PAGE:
Shells Chats with author Craig Dilouie

What do you find more challenging, being a technical writer or writing fiction?

Technical writing is the day job for me. One would assume that it's an entirely different animal than fiction writing, and they'd be right. With technical writing, you are simply trying to explain a subject accurately and make it as interesting as possible. But because the topic is fixed and what you are writing is factual, the foundation is already given.

Fiction is more challenging but also more fun. Fiction comes from an exercise in imagination, and there is nothing more cathartic and satisfying. The challenge is in communicating something you have in your head so that somebody else--with a different imagination, experiences, personality--sees either the same thing or something equally compelling, and then considers the experience of reading your work to be pleasurable and memorable. Doing this well is a very hard thing to do and requires extreme talent, which is why the greatest fiction writers are like rock stars to me.

You have written non-fiction books. Do you do as much research for non-fiction stories as fiction?

I spend almost as much time researching my fiction as writing it. For example, THE INFECTION, my new apocalyptic horror novel from Permuted Press, is set in Pittsburgh, so I had to research everything about the city. Part of this entailed "driving" from Pittsburgh into eastern Ohio on the video highway on Google maps. I also found myself researching weapons, how long Molotov cocktails actually burn, how to drive and fire the weapons in a Bradley fighting vehicle, and so on.

TOOTH AND NAIL was even tougher because it was about a military unit, and as I have never served in the military myself, everything had to be researched--military organization, weaponry, radio protocols, formations, small arms tactics and so on. I have been told by former servicemen that the novel is essentially accurate and some of them thought I was former military, which was the most gratifying feedback I've received to date.

This commitment to research is essential to presenting a story that is so realistic it minimizes the reader's suspension of disbelief throughout the story, without testing it. If you do that as a writer you've allowed your reader to immerse themselves in your world, which creates a more memorable and exciting reading experience, while making the monsters that inhabit your world all the more believable and frightening.

What do you find appealing about the apocalyptic horror genre?

I love placing a layer of the extraordinary or unexpected on our everyday world. In my novel THE INFECTION, for example, a competing ecology is thrust upon the earth, one in which humans are the bottom of the food chain, not the top. Drop in some real people facing the fantastic, and you've got the setup for a great story that is exciting and entertaining. Make the fantastic try to do something terrible to those people--the more terrible the better--and you've got horror. Make the fantastic try to do the same terrible thing to everybody at once, and you've got the makings for the end of the world. The result ideally is a story that is believable, in which you can easily imagine yourself, that scares and excites you, and, with the stakes being the survival of the human race, is stirring to the spirit as well as the intellect.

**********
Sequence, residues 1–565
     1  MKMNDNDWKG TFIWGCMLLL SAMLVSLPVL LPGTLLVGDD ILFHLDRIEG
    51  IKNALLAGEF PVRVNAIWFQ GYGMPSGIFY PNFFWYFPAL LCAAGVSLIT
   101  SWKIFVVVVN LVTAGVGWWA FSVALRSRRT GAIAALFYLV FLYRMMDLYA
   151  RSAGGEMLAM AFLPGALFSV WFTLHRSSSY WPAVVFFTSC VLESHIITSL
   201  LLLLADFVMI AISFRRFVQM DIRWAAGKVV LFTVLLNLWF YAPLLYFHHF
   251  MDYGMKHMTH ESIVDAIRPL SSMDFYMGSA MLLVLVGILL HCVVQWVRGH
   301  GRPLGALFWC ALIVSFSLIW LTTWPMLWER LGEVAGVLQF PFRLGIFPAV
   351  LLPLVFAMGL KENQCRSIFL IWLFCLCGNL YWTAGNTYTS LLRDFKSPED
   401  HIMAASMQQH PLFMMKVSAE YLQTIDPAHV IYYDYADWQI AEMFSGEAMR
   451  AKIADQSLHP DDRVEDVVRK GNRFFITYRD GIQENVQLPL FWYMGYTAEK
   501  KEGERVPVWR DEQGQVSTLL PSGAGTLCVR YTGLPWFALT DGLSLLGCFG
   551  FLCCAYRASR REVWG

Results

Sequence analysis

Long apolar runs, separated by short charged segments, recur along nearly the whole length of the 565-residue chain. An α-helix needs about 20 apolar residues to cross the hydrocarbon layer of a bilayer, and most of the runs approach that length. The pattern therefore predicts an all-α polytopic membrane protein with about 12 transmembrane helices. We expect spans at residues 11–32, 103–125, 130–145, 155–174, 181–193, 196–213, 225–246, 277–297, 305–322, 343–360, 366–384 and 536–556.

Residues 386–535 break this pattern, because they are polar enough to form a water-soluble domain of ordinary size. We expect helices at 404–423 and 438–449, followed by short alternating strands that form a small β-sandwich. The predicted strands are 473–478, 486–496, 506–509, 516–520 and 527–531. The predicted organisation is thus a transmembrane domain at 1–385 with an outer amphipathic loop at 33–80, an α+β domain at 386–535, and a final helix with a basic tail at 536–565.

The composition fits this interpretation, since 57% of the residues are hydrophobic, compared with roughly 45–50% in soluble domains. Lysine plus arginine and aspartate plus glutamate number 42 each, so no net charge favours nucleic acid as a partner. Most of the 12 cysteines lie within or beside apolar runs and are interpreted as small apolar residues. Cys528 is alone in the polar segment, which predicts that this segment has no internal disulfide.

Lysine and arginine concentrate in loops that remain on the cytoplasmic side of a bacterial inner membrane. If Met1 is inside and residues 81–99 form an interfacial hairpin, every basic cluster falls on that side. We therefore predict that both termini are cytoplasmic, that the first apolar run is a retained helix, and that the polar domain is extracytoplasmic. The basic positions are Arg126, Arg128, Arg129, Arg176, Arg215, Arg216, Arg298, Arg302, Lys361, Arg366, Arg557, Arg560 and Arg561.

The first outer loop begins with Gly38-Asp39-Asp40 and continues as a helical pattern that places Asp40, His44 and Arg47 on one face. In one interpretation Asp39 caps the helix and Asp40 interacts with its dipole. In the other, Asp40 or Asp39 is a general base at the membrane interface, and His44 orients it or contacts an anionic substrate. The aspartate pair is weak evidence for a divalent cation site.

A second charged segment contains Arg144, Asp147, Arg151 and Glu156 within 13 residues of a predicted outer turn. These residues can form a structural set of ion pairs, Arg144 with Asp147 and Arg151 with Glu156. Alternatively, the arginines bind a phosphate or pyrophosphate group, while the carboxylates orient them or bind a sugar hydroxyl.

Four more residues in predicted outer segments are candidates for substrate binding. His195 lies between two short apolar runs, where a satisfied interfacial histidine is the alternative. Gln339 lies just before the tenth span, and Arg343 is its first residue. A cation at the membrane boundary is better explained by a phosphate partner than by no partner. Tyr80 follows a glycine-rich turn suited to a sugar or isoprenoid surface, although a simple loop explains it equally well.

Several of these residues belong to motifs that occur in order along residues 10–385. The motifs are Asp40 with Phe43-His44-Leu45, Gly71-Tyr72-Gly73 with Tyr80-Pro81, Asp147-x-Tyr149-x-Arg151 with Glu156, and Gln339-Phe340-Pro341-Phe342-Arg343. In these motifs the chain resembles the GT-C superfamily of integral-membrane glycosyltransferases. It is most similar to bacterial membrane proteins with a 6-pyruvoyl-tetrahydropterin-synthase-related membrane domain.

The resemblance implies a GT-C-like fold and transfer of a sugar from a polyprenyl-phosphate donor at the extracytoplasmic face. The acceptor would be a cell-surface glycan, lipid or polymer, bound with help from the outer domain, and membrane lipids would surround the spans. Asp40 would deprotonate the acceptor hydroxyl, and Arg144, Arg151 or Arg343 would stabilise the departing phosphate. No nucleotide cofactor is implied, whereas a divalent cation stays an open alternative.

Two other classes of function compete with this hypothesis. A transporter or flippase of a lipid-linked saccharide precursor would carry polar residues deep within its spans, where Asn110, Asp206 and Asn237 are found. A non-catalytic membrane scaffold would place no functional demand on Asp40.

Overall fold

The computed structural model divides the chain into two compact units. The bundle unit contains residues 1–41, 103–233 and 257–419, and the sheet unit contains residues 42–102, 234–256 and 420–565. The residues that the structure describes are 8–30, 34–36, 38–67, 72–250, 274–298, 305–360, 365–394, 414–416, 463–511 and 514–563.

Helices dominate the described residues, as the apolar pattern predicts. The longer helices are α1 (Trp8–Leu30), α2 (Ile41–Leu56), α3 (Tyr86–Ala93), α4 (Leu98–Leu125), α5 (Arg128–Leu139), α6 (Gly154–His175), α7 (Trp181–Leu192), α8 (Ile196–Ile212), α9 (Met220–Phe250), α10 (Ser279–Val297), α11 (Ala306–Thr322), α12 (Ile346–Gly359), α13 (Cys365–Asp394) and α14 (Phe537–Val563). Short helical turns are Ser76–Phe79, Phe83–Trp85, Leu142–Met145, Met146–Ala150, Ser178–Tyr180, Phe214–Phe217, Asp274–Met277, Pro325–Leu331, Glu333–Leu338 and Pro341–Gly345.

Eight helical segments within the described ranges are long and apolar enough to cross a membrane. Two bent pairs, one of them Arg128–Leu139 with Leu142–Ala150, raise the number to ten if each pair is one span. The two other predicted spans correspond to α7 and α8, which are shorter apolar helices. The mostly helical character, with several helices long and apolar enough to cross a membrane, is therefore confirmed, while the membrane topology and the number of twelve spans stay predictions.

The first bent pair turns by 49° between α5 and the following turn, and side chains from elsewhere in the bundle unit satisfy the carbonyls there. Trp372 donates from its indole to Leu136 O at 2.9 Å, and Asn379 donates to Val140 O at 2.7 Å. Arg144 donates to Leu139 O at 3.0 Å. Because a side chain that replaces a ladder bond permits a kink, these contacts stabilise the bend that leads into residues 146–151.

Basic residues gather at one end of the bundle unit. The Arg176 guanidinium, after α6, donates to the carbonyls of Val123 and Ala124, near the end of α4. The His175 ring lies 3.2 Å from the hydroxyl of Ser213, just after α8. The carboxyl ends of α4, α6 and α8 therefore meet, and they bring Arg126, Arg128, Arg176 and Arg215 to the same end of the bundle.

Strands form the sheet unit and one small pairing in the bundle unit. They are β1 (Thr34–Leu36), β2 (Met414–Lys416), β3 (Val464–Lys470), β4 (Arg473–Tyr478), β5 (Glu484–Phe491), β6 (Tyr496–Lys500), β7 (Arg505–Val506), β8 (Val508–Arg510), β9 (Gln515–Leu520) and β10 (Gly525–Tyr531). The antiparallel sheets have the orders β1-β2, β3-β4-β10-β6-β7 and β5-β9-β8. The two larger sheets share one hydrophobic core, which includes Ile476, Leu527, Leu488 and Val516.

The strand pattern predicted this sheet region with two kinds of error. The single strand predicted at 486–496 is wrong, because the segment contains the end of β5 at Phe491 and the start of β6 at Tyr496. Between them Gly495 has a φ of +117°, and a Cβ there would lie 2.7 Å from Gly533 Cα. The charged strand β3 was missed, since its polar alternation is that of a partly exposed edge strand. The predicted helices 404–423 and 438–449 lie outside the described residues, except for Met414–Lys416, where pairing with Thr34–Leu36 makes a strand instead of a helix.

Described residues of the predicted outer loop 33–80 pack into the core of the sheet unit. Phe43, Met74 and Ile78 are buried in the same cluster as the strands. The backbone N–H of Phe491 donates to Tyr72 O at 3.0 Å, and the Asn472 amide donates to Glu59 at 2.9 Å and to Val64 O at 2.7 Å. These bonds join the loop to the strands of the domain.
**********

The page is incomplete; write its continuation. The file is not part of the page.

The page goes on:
What do you find most challenging about writing a story and the most enjoyable?

The biggest challenge is writing something in such a way that your reader will see the same thing you see in their imagination, with the same feelings that you have about it, or something equally exciting to them. That's how you end up with glowing praise from one person about the fact you included X in your novel and then another reader punishes you with a bad review because you included X in your novel. If as a writer you are getting more glowing praise than punishment, then you are doing well.

With zombie fiction, there are certain elements you have to get right. First, the story should be realistic and believable from the gritty, toxic post-apocalyptic setting to the way people respond psychologically to what is happening to them. Second, it should be about real people in a fantastic situation--a story about people with zombies, not the other way around. Third, there should be some type of innovation that sets the work apart of the rest of the genre.

In TOOTH AND NAIL, for example, the soldiers are not cannon fodder or psycho killers but instead scared kids trying to stay alive as the country they swore to defend collapses around them. Their rifles jam, gun smoke obscures their visibility, they panic, they vomit at seeing so much gore, they communicate by radio, they plan their operations and follow orders with strict rules of engagement, they run out of ammo. In TOOTH AND NAIL, five ordinary people try to survive the end of the world while traveling a ravaged real and psychological landscape. They are the dead living, people who will continue fighting to survive but, having had everything they love taken away from them bloodily, are too damaged to ever be able to return to anything resembling a normal life.